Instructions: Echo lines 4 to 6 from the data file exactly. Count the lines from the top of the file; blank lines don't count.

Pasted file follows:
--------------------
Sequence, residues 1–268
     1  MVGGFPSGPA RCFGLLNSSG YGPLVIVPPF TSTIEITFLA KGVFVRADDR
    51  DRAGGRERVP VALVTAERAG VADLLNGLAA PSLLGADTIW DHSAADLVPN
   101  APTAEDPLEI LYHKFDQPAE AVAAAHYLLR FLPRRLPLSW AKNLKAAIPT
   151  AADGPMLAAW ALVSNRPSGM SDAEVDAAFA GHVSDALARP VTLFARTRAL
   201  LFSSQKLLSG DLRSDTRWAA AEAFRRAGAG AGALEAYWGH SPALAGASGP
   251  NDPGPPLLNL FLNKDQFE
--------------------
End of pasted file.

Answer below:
   101  APTAEDPLEI LYHKFDQPAE AVAAAHYLLR FLPRRLPLSW AKNLKAAIPT
   151  AADGPMLAAW ALVSNRPSGM SDAEVDAAFA GHVSDALARP VTLFARTRAL
   201  LFSSQKLLSG DLRSDTRWAA AEAFRRAGAG AGALEAYWGH SPALAGASGP